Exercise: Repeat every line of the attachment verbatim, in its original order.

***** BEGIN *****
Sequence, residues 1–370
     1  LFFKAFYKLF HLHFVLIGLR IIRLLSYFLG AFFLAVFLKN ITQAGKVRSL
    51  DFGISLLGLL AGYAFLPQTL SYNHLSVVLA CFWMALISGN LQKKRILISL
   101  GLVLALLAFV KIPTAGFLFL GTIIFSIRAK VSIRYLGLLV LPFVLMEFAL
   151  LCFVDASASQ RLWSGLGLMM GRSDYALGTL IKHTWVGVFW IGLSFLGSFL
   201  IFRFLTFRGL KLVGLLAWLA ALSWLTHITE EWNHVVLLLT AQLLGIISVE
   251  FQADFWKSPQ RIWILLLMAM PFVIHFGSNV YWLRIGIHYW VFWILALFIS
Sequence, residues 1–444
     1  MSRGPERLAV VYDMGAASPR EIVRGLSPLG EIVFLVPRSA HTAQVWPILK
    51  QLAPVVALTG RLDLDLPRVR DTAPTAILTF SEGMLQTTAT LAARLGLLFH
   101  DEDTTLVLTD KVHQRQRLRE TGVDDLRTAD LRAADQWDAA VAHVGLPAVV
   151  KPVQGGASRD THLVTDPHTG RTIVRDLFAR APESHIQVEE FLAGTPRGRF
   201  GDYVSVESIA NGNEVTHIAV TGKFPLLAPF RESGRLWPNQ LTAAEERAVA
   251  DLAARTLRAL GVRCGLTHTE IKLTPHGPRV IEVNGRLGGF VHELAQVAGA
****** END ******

Sequence, residues 1–370
     1  LFFKAFYKLF HLHFVLIGLR IIRLLSYFLG AFFLAVFLKN ITQAGKVRSL
    51  DFGISLLGLL AGYAFLPQTL SYNHLSVVLA CFWMALISGN LQKKRILISL
   101  GLVLALLAFV KIPTAGFLFL GTIIFSIRAK VSIRYLGLLV LPFVLMEFAL
   151  LCFVDASASQ RLWSGLGLMM GRSDYALGTL IKHTWVGVFW IGLSFLGSFL
   201  IFRFLTFRGL KLVGLLAWLA ALSWLTHITE EWNHVVLLLT AQLLGIISVE
   251  FQADFWKSPQ RIWILLLMAM PFVIHFGSNV YWLRIGIHYW VFWILALFIS
Sequence, residues 1–444
     1  MSRGPERLAV VYDMGAASPR EIVRGLSPLG EIVFLVPRSA HTAQVWPILK
    51  QLAPVVALTG RLDLDLPRVR DTAPTAILTF SEGMLQTTAT LAARLGLLFH
   101  DEDTTLVLTD KVHQRQRLRE TGVDDLRTAD LRAADQWDAA VAHVGLPAVV
   151  KPVQGGASRD THLVTDPHTG RTIVRDLFAR APESHIQVEE FLAGTPRGRF
   201  GDYVSVESIA NGNEVTHIAV TGKFPLLAPF RESGRLWPNQ LTAAEERAVA
   251  DLAARTLRAL GVRCGLTHTE IKLTPHGPRV IEVNGRLGGF VHELAQVAGA